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Rick Loza

The Union office leadership should be held by an individual who can actually bring solutions that will change the labor movement to improve our better way of life. I am that individual. 

Our Local  73 needs a drastic new approach before it’s too late. If we do things the way that they’ve always been done, then things will remain the way that they’ve always been, and that, at this point, means a continued decline in the membership and activism by the rank and file. Not increasing our base and standards is gross negligence and completely unacceptable. Don’t let it get any worse. I will not let this  Local go another year losing power. If you will elect me as your Officer,  I will serve the Local 73 membership to inspire our members to build power across the State of Illinois and NW Indiana. Those needs will change over time, but right now, as of today, the top priority is educating and empowering the membership to move the Union forward. Vote for the Members Leading Members Slate , and you’ll be voting for  a promising new future for all of us.

A long time ago I learned a valuable lesson in Chicago. I was offered and took a job in the textile industry. After about 2 1/2 months on the job I noticed that minority workers were given the lowest paying job, so I organized the workers and demanded a change. This experience incited me to  fight for a better way of life for me and my co-workers. After working there for a short time, I  got my first job  as a rank and file member (elevator starter) in April, 1978,  represented by SEIU Local 25.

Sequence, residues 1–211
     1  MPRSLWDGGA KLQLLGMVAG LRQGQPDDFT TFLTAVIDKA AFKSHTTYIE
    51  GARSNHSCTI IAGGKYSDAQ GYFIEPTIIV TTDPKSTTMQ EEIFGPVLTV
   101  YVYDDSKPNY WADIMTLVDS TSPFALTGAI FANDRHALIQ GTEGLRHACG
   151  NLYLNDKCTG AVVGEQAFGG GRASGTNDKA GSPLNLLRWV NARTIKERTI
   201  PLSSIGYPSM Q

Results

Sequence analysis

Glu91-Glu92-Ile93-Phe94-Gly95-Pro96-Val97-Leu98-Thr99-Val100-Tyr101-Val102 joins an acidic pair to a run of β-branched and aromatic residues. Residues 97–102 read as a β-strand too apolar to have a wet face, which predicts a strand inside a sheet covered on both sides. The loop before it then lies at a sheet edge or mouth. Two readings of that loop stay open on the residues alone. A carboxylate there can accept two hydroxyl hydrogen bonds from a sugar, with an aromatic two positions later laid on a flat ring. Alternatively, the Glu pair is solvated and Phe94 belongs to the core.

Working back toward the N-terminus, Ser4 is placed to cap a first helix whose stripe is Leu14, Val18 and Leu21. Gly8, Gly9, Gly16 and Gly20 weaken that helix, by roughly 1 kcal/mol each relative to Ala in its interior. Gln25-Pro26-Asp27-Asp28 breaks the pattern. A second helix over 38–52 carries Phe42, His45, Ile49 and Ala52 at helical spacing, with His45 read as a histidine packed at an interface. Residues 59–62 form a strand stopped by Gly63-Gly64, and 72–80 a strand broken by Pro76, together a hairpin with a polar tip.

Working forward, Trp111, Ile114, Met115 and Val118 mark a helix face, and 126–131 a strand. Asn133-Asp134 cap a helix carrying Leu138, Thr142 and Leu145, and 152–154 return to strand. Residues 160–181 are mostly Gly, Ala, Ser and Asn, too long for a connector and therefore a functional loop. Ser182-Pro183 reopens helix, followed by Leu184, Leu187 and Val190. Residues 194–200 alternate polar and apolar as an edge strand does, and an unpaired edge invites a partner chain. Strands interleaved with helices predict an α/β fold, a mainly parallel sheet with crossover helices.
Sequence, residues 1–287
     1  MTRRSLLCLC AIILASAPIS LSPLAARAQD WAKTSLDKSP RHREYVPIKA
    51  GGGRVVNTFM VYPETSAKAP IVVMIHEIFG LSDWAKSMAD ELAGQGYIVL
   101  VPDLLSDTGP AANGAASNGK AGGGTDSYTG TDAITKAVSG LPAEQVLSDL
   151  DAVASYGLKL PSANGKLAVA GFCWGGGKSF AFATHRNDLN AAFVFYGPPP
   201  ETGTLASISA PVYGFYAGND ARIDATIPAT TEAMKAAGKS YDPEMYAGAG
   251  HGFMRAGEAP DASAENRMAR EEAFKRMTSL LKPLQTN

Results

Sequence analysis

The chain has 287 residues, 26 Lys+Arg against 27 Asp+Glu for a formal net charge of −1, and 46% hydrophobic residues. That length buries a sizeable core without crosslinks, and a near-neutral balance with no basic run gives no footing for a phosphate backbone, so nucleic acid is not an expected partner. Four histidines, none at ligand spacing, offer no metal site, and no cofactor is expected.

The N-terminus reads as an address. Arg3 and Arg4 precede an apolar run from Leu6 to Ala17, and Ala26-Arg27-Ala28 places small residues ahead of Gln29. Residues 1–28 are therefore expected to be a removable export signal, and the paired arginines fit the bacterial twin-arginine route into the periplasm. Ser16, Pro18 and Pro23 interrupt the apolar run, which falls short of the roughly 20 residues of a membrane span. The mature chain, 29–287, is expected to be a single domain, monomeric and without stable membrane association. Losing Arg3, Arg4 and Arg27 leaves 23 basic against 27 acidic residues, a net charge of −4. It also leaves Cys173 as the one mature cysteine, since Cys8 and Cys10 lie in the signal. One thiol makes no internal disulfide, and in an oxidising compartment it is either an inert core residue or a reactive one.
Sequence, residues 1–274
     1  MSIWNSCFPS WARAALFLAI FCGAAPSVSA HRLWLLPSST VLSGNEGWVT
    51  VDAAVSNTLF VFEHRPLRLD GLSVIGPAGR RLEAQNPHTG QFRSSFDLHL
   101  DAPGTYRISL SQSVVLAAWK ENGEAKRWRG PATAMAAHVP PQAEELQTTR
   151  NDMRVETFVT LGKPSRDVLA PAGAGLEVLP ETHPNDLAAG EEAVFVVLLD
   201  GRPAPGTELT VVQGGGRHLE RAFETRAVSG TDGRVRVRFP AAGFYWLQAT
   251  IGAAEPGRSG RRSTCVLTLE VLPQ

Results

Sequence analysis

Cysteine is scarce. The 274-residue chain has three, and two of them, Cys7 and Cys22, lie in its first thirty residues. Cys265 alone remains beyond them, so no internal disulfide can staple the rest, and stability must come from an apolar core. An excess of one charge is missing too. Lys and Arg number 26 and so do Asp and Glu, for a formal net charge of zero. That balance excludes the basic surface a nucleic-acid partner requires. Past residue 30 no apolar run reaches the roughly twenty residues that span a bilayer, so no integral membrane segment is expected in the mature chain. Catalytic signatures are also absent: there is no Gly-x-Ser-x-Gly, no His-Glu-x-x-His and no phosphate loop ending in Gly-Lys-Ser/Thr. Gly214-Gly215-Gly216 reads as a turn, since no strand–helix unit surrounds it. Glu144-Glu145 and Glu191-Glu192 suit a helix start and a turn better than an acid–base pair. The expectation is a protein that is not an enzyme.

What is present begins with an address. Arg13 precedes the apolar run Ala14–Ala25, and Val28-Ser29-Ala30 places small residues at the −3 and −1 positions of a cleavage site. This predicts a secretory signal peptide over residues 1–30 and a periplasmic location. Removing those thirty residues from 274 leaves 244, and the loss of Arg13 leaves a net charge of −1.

These were difficult times for both me and the Local. I and others noticed that at that time,  Local 25 had more than 12,000 members but no minority staff to represent the membership.  A group of us decided to get involved and change this lack  of representation. To make a point at the next Union election, I ran for a seat on  the SEIU Local 25 Executive Board, which at that time was comprised of a seven member board.

In a matter of two weeks I received the necessary signatures and, although I didn't win the seat,  my good friend who supported my campaign received a staff appointment as the first minority staff member  to represent my brothers and sisters. 

I attended a four year labor studies program at Roosevelt University, graduating in 1986 , that provided me with the foundation to my social activism.

I have over  thirty-two years experience on staff at SEIU, Locals 25, 46, 1 and  73, and  was the Chief Negotiator for the Chicago Park District, successfully negotiating a contract  that gave the highest increases to the Park, Playground Supervisors and Maintenance Foremen. I introduced the A, B, C and D locations at the Chicago Park District, providing some members with over $10,000 in increases in the late 90's. It was the power of our membership and their activism that lead the way to true economic power.

As you can see, I am committed to providing true change and with your help and support to the Members Leading Members Slate, nothing will stop us.